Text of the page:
What's everyone drinking?
Data from the last two months, provided by several local purveyors, offers insight into the alcoholic beverages people have been buying most during the COVID-19 pandemic.
To no one’s surprise, we’re all drinking more from home, a product of the restrictions handed down by the state on bars, restaurants, and tap rooms. Venturing out less has placed an increased reliance on delivery; as of mid-April, Drizly, a beer, wine, and liquor delivery app headquartered in Boston, has seen sales volume rise 485 percent over what is normally expected.
According to Drizly data, customers are placing orders earlier in the week — Wednesday sales have repeatedly been the highest over baseline — while continuing to use the app heavily on weekends. Average order volume, which shot up by 50 percent in mid-March as customers tended to “stock up,” is still well above normal.
Similarly, Phil DiCarlo, owner of Fenway Beer Shop, has seen the store’s percentage of sales made through delivery more than double, to 65 percent.
"Customers are increasingly buying 12-packs, where most of our in-store traffic used to be mix-and-match-singles," says DiCarlo, mentioning Allagash, Jack's Abby, and Harpoon 12-packs specifically.
A shift toward the classics is also something Kate Baker, cofounder of Craft Beer Cellar, is noticing in the company’s Belmont store.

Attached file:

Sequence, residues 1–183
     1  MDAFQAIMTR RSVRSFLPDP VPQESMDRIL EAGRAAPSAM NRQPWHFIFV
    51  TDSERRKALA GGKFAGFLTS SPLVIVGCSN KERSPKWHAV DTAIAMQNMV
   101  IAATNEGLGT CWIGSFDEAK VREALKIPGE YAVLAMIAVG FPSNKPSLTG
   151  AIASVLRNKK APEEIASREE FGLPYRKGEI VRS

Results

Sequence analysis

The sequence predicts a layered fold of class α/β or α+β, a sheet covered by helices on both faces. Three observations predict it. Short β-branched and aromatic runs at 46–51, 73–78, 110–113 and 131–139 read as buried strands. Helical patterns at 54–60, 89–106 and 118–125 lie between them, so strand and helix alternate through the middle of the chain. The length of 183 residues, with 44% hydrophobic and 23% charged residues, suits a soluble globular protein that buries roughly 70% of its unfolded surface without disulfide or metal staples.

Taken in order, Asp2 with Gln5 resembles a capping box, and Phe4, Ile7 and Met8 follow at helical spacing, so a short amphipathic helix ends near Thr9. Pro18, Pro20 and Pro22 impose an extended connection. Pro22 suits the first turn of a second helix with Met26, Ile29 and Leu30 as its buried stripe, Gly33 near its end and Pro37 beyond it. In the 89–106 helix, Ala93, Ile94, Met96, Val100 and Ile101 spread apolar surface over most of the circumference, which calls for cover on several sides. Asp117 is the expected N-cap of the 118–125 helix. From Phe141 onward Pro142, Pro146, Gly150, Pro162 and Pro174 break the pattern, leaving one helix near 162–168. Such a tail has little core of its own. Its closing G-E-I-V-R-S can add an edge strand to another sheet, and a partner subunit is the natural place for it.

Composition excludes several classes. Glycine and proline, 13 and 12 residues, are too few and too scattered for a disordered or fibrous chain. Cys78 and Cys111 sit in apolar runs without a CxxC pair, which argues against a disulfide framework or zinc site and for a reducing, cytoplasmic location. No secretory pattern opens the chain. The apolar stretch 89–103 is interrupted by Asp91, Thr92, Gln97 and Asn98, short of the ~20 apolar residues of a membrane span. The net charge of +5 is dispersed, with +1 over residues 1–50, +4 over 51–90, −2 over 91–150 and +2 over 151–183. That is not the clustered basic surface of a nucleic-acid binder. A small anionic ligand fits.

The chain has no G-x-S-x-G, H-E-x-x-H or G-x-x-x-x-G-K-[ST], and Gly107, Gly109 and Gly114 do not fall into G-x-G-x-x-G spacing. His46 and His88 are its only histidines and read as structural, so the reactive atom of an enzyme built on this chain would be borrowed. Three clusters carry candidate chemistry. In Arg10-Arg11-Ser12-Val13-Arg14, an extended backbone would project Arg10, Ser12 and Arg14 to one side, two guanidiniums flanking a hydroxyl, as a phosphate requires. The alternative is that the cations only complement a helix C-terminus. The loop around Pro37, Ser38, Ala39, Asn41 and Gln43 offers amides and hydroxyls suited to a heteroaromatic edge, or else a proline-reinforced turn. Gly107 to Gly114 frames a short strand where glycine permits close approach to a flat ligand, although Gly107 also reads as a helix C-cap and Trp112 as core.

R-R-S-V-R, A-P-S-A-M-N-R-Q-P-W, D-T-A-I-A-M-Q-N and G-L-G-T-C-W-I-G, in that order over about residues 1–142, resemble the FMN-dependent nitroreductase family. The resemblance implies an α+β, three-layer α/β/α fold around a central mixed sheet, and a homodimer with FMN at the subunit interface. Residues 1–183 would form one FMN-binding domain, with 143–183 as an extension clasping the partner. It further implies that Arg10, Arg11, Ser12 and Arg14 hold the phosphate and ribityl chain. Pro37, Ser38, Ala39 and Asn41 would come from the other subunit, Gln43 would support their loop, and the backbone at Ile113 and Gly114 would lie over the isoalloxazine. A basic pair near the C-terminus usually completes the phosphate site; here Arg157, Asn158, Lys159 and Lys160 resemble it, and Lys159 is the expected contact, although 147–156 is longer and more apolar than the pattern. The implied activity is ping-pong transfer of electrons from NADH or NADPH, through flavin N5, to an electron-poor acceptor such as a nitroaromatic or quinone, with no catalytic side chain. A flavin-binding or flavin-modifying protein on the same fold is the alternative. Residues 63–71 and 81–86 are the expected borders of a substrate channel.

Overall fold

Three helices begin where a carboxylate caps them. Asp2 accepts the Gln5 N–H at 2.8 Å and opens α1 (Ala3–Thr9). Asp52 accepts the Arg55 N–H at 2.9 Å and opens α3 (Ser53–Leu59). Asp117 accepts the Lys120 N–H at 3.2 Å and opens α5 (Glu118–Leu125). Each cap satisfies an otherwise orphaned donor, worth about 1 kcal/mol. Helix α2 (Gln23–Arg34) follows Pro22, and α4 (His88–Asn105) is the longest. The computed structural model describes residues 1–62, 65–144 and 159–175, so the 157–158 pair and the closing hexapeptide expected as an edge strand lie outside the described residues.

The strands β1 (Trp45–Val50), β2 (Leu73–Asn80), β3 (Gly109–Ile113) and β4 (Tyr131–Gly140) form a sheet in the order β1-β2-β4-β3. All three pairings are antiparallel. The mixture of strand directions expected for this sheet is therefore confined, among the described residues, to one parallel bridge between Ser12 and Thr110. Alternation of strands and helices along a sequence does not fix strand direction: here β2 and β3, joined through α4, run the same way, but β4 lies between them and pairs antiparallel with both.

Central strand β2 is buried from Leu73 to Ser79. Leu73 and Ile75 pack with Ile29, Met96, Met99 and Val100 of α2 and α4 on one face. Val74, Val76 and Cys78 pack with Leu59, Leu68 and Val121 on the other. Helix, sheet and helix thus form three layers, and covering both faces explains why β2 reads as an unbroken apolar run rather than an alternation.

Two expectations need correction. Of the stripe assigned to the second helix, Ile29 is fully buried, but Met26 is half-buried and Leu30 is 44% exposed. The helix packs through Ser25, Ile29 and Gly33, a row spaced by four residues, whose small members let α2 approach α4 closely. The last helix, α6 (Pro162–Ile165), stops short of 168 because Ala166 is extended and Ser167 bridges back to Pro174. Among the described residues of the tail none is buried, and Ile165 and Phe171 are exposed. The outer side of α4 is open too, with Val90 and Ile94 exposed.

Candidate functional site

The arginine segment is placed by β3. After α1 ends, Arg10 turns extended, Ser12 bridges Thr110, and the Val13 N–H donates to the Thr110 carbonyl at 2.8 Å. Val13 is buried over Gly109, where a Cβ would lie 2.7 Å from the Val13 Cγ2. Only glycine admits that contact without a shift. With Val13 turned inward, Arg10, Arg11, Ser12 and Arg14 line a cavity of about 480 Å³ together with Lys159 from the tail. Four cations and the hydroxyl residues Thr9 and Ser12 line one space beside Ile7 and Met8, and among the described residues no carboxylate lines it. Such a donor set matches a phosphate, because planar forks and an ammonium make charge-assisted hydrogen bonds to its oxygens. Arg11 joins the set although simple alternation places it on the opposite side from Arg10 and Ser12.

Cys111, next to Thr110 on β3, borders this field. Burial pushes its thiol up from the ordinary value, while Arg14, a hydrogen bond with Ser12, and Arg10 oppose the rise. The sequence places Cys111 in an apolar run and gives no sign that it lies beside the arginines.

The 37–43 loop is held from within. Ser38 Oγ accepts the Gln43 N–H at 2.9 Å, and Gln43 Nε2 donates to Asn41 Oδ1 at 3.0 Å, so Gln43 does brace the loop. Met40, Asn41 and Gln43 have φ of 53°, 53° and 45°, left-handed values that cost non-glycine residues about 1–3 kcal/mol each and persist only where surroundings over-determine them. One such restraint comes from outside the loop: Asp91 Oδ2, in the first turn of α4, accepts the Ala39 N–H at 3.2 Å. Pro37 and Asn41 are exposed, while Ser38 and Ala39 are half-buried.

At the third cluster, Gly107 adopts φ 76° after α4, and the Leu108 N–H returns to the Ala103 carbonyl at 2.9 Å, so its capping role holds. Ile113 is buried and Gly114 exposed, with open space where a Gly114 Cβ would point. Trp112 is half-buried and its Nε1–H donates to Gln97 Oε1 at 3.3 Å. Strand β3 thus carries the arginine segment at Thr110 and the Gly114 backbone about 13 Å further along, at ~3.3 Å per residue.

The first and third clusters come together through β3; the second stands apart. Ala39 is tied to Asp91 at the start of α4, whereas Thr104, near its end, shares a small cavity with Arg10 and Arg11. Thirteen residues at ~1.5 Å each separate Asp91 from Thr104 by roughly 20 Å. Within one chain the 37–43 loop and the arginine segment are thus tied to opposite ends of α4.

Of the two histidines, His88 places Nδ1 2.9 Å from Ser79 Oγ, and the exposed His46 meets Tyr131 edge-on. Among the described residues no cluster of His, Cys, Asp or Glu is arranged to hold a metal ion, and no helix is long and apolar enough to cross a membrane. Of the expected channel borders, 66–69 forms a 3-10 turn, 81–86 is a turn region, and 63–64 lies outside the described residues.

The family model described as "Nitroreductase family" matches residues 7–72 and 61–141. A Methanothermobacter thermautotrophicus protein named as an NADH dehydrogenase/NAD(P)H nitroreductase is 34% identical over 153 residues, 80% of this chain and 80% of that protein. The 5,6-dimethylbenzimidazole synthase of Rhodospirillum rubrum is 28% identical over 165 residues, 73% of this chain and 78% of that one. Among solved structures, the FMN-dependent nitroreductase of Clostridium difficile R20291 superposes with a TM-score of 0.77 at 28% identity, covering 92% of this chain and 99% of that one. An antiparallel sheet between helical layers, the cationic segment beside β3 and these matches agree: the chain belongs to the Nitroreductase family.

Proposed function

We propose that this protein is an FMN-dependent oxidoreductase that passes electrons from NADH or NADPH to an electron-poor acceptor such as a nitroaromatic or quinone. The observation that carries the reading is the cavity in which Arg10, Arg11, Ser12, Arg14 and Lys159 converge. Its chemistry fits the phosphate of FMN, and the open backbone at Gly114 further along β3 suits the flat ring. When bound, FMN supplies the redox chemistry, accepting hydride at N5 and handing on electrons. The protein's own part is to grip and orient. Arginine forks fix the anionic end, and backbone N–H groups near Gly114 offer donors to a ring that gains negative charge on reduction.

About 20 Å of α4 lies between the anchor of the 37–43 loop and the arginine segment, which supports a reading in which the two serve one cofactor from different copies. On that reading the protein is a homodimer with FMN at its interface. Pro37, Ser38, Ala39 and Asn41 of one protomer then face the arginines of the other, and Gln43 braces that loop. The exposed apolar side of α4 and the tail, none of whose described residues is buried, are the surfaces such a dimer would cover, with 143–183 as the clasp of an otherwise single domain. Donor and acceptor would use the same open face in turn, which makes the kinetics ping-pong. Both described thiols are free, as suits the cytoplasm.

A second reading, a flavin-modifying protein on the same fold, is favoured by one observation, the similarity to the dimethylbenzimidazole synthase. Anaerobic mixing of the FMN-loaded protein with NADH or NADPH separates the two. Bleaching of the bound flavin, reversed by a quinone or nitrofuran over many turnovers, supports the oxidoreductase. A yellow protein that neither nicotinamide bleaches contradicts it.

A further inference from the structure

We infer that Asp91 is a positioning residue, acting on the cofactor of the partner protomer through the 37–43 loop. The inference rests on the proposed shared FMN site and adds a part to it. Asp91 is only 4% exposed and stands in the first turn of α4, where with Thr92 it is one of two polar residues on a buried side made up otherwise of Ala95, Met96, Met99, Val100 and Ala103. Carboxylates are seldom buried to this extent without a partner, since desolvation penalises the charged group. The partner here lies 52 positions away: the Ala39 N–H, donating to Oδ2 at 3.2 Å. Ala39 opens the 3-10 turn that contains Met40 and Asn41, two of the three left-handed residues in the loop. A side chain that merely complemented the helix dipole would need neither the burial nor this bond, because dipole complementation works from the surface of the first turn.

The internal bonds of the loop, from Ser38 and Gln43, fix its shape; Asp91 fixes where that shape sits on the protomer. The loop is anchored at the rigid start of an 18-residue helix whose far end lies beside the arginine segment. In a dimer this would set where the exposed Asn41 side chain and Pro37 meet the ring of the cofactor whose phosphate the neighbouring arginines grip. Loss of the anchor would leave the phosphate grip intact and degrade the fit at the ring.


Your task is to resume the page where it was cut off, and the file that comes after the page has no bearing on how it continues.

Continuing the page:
"We are seeing a lot of popularity of mainstay beers," says Baker. "Harpoon, across the board, is up big. Sierra Nevada, Sam Adams, Dogfish, and Firestone Walker are all up."
Craft Beer Cellar cofounder Suzanne Schalow says sales of New England-style IPAs and lagers — the most popular styles normally — remain strong, but the company has also sold more higher-end, bottle-conditioned Belgian-styles — and wine — across its footprint.
IPAs from local breweries have fared well. DiCarlo cites Cat’s Meow from Exhibit A, Lamplighter’s Birds of a Feather, and Night Shift Santilli as top sellers. Baker references growth by breweries like Somerville’s Aeronaut, Vermont’s Fiddlehead, and Maine’s Austin Street.
“Maybe it’s that, currently, folks have the time on their hands to explore and experiment,” says Baker. “Whereas before, time was short, and they didn’t want to buy a beer they weren’t sure would be impressive.”
Two other trends: cider is up 150 percent at Craft Beer Cellar Belmont, as are sales of hard seltzers like White Claw and Truly, and something called Loverboy sparkling hard tea.
"I thought I was going to get beat up this weekend for running out of Loverboy," says DiCarlo.
Of course, not everyone is drinking beer. Red wine continues to be the top seller on Drizly, followed by white wine, vodka, and bourbon.
Gary Dzen can be reached at firstname.lastname@example.org.